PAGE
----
Canadian doc ‘Rumble’ exposes unheralded influence of Native American musicians

Native American influence on popular song seen in 'Rumble'

PARK CIT, Utah — They were the power chords that sparked a musical revolution: three growling, fuzzy blasts that made Link Wray’s 1958 banned-by-radio instrumental “Rumble” a rule-breaking inspiration for rock guitarists who followed.

The song kicks off the documentary “Rumble: The Indians Who Rocked The World,” from Montreal-based filmmakers Catherine Bainbridge and Alfonso Maiorana, which has its world premiere Sunday in competition at the Sundance Film Festival and will air on The Movie Network later this year.

The documentary explores the often-unheralded contributions of Native Americans in shaping popular song. Wray was a Shawnee Native American but few people were aware of his background. Like him, many of the musicians profiled in “Rumble” either kept their heritage secret or downplayed it, fearing racist backlash.

“Where in this day and age can you find things that are hidden?” said Bainbridge, whose award-winning documentary “Reel Injun” explored the portrayal of Native Americans in movies and on TV.

“That’s the secret sauce, this hidden gem of a story,” Bainbridge said of how “these incredible icons” inspired so many famous performers seen in the documentary.

Guitarist and songwriter Robbie Robertson of the Band shares childhood memories of time he spent on the Brantford, Ont.-area Six Nations of the Grand River reserve with his mother’s family. He was advised: “Be proud you are Indian; but be careful who you tell.”

Whether the musicians in “Rumble” talked about their backgrounds or not, their heritage influenced the work, including 1920s Delta bluesman Charley Patton, “Queen of Swing” Mildred Bailey, rock legend Jimi Hendrix and guitarist Jesse Ed Davis, who worked with blues musician Taj Mahal, John Lennon and the Rolling Stones.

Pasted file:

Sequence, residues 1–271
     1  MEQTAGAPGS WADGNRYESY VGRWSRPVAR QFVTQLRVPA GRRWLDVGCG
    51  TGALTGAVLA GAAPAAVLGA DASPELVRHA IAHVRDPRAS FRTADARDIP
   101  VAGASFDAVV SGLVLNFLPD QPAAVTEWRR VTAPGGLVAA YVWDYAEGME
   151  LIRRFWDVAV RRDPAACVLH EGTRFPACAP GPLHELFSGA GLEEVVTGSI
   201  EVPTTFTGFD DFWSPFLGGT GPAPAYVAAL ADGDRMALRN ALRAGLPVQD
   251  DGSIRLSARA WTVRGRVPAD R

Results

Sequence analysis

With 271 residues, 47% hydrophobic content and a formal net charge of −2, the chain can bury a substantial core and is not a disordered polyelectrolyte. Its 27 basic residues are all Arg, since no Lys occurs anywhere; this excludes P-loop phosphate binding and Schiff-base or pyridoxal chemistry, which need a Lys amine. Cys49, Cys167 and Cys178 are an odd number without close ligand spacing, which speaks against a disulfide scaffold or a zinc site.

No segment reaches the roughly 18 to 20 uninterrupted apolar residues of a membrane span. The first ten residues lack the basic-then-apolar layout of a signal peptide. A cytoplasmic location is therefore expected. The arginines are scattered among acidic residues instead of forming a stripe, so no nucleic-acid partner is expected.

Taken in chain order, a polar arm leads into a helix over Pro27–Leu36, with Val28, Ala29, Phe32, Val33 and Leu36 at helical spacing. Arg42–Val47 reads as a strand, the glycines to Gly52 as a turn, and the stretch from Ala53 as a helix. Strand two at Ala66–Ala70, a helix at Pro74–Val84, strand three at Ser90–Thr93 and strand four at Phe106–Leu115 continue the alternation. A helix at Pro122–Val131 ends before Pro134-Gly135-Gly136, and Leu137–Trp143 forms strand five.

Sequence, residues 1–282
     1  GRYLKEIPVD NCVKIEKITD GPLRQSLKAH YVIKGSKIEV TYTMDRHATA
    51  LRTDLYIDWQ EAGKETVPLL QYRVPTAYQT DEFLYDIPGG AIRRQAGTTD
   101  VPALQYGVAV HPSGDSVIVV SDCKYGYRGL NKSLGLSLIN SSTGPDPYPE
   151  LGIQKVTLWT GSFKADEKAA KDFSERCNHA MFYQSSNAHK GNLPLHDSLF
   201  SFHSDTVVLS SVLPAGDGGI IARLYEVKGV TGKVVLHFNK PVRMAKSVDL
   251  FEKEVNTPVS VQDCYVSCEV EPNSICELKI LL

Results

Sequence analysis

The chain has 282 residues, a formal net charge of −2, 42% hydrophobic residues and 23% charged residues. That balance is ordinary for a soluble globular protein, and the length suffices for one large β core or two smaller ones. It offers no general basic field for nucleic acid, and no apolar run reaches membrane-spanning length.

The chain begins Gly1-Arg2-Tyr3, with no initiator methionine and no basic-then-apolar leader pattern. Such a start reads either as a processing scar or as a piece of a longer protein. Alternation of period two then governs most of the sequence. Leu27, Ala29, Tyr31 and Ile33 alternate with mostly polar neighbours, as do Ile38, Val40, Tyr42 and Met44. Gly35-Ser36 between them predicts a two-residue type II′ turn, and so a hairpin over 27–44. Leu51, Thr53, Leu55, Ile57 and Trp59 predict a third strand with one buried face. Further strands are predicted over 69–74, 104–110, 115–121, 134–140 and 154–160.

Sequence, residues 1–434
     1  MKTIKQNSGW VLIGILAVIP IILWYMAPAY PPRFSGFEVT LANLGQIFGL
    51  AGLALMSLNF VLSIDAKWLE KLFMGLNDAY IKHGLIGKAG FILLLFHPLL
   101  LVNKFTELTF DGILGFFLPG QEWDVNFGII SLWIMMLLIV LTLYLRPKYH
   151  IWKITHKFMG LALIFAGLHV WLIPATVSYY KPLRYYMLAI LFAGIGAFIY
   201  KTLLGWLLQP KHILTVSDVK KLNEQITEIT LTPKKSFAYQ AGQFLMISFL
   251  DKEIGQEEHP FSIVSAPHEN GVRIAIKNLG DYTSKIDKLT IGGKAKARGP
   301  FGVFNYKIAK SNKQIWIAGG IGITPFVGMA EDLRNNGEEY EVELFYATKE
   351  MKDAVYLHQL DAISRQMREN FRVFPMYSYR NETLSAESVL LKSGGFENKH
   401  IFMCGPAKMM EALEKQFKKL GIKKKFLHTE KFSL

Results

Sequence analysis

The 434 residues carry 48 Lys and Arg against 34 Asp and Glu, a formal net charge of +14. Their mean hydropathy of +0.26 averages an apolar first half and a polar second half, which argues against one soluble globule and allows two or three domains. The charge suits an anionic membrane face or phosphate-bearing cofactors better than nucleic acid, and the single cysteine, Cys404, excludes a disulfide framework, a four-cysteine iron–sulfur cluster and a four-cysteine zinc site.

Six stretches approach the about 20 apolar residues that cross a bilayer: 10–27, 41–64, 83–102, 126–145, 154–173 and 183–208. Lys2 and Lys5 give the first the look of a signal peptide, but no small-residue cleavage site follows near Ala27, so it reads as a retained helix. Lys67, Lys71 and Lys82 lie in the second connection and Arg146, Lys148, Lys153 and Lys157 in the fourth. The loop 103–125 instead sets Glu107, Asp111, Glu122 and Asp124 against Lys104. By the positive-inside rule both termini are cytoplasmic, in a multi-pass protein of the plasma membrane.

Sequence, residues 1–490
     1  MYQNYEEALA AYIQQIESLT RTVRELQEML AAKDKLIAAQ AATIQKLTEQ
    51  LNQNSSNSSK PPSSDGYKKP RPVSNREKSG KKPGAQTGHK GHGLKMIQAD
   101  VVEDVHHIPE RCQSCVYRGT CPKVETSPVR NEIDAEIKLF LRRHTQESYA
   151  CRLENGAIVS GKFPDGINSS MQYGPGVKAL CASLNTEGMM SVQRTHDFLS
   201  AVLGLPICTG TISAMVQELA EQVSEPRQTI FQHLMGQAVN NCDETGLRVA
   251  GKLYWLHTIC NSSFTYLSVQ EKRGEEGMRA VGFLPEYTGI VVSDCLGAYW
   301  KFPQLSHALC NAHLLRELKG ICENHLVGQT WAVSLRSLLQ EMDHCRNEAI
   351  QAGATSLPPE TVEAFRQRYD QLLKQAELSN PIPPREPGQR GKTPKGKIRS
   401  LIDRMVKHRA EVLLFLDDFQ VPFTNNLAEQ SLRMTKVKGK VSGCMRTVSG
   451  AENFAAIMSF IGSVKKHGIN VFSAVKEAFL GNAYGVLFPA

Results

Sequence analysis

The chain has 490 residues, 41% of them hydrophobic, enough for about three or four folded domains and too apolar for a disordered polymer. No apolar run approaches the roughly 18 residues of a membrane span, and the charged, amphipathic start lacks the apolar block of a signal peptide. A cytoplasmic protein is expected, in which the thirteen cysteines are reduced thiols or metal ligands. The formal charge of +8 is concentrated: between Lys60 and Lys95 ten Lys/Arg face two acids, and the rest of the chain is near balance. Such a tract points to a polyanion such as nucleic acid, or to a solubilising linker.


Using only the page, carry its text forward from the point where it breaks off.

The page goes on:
Through archival footage and powerful performances, indigenous artists are acknowledged as influences by more than three dozen marquee performers, including crooner Tony Bennett, funk father George Clinton, Guns N’ Roses guitarist Slash and proto-punk legend Iggy Pop.

Many of them agreed to appear in “Rumble” because of their friendship with the film’s executive producer, guitarist Stevie Salas.

Salas said he had no idea there were so many Native musicians until he was interviewed by Canadian writer Brian Wright-McLeod for his 2004 book “The Encyclopedia of Native Music.”

“It was a learning experience for many,” Salas said. “When I was a kid, my first band was (playing with) Rod Stewart, just out of high school. I didn’t look like everybody else. I’m an Apache Indian. I was looking around, how come there’s no Indians playing rock ‘n’ roll?”

Salas teamed with Tim Johnson (also an executive producer on “Rumble”) to create “Up Where We Belong: Native Musicians in Popular Culture,” an exhibit for the Smithsonian National Museum of the American Indian. It was named for the 1982 hit song co-written by Canadian singer-songwriter Buffy Sainte-Marie, who also appears in “Rumble.”

Having seen “Reel Injun,” Salas approached Rezolution Pictures — which was founded by Bainbridge and her husband Ernest Webb — about using the Smithsonian exhibit as an inspiration for a documentary.

“I knew nothing about Link Wray and the influence that he had,” said Bainbridge. “Musicians know these people and how influential they are. It’s time other people knew.”

Linda Barnard, The Canadian Press

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